March 12, 2009
This week, I wrote to each of our priests to thank them for being available every Monday night for confessions during Lent. During this special time of prayer and penance, each of our parishes is remaining open from 7 P.M. to 8:30 P.M every Monday in March so that there is ready access to the Sacrament of Reconciliation.
On the first Monday of Lent, the weather was a challenge. But this was no obstacle to God's grace. I was happy when Fr. Brando, the pastor of St. Anthony Parish in Passaic, told me that both he and Fr. Edgar heard confessions non-stop this past Monday from 7:00 to 9:30 PM. The people told them that they were responding to the initiative.
Fr. Jude of Notre Dame of Mt. Carmel in Cedar Knolls enthusiastically said, “It was one of the most heart-warming and humbling experiences of my priesthood. One man told me that he had been away from the sacrament for twenty years. He saw the ad in
The Daily Record and had an overwhelming desire to come home to Christ’s forgiveness that was missing in his life.”
People who have been away from confession for many, many years are coming back to confession only to rediscover the mercy of God. This is the truth for which Jesus lived and preached and died. As the Psalmist says, “The Lord is a merciful and gracious God, slow to anger, most loving and true” (Ps 86:15). God is love.
Throughout his public ministry, Jesus shows the face of God as compassionate and merciful in his healing miracles and exorcisms. Even before Jesus issues the summons to repent, he announces, “This is the time of fulfillment. The kingdom of God is at hand” (Mk 1:15). The kingdom is nothing other than the presence of God making his love known and felt in our lives.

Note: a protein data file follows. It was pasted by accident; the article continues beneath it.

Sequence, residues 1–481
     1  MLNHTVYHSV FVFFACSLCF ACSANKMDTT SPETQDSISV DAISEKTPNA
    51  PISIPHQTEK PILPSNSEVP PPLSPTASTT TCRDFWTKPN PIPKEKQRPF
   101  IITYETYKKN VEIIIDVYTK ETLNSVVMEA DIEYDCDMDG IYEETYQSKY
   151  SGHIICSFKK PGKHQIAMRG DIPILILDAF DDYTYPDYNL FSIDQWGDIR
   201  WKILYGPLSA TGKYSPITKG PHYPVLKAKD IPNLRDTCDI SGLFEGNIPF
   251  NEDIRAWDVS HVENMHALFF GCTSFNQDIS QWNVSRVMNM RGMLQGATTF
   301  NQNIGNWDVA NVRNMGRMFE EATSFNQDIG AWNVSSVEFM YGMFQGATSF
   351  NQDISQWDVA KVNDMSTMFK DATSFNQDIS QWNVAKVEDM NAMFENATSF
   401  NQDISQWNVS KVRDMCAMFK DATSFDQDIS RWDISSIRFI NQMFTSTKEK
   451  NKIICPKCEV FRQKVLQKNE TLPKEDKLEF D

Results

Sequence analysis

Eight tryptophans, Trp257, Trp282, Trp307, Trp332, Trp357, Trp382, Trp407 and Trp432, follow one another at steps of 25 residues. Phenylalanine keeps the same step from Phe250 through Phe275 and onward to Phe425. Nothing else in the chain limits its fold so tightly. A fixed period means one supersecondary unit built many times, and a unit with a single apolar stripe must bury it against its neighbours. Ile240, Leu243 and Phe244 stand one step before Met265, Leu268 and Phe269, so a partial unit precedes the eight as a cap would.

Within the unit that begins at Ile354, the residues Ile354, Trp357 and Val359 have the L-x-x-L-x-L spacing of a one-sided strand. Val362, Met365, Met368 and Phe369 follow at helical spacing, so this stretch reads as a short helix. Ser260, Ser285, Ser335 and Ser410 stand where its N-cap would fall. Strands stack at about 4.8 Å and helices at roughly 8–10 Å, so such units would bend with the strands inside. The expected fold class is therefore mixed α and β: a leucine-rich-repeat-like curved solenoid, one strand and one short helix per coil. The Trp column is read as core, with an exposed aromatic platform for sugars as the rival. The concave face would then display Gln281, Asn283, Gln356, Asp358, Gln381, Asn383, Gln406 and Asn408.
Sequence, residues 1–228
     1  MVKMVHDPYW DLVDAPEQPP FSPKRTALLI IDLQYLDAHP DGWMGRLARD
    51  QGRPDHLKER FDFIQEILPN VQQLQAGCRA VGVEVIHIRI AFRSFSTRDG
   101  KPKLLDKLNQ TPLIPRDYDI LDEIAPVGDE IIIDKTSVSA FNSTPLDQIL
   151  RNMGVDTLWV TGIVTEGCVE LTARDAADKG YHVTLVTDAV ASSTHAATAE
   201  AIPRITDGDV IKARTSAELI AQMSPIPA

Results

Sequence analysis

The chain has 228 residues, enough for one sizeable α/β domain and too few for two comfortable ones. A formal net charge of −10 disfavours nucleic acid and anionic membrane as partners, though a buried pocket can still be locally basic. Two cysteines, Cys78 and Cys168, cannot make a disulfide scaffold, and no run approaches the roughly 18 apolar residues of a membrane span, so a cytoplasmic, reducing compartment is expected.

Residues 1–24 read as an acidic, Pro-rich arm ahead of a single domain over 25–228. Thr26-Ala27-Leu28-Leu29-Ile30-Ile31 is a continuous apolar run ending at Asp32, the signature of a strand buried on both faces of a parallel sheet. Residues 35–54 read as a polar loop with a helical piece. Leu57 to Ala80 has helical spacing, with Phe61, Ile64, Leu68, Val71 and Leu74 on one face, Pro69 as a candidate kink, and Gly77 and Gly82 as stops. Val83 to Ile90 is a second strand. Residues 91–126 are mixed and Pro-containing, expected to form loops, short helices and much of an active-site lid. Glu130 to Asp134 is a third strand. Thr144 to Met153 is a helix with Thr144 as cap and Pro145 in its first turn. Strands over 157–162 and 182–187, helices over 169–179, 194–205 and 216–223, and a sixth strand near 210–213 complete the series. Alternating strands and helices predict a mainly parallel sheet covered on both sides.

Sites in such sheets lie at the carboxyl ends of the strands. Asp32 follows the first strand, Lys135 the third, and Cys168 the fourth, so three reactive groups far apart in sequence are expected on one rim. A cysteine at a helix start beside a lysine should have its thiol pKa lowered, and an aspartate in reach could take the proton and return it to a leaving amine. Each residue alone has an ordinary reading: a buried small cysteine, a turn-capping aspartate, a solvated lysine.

Jesus opens us to the profound meaning of the Kingdom of God with his parable of the Prodigal Son (Lk 15:11-32). It is found at the very center of Luke’s Gospel. It is the very heart of the gospel itself! The son who takes his inheritance, squanders it away and finds himself unfulfilled is each of us. We take the gifts that God gives us and use them against God’s will. We are the ones left empty, longing and desiring more than our sinful lives can give.
As in the parable, so in life. God is the Father who sees us, runs to us and embraces us. He takes our feeble confession of sin and turns it into a moment of great rejoicing. Our sins strip us of our dignity. God clothes us with his grace and peace. Nothing can make God stop loving us. In fact, as Paul says, “God proves his love for us in that while we were still sinners Christ died for us” (Rom 5:8).
When Jesus preached such great love to sinners, the self-righteous took scandal. But not the tax-collector and the prostitutes (cf Mt 21:31). They recognized in his ready forgiveness of even their worse sins that God was drawing them back to Himself. The self-righteous would not acknowledge their sins. They did not accept the free gift of God’s forgiveness offered in Christ. But others, like Zacchaeus and the woman caught in adultery, did and found peace.
Through the ministry of the Church, God offers us his forgiveness in Christ Crucified and Risen. In the great Sacrament of Reconciliation, God is already running to meet us. He wants to welcome us. He wants to exchange our dirty rags of prideful self-indulgence with the righteousness of Christ Crucified. He wants to bring us back into the joy of his home and into the fellowship of his Church. He longs to see us reconciled with Himself and with others.
Like the prodigal son barely able to confess his sins, we, at times, are ashamed and even afraid to name those evils that separate us from God who loves us so much. But the Father is not ashamed to recognize us as his own son or daughter. He longs to wrap his arms around us. He is waiting to welcome us home.
Now is the time to meet the Lord in Confession and know the joy of coming home.
There is no distance the Father would not go to meet the Prodigal Son.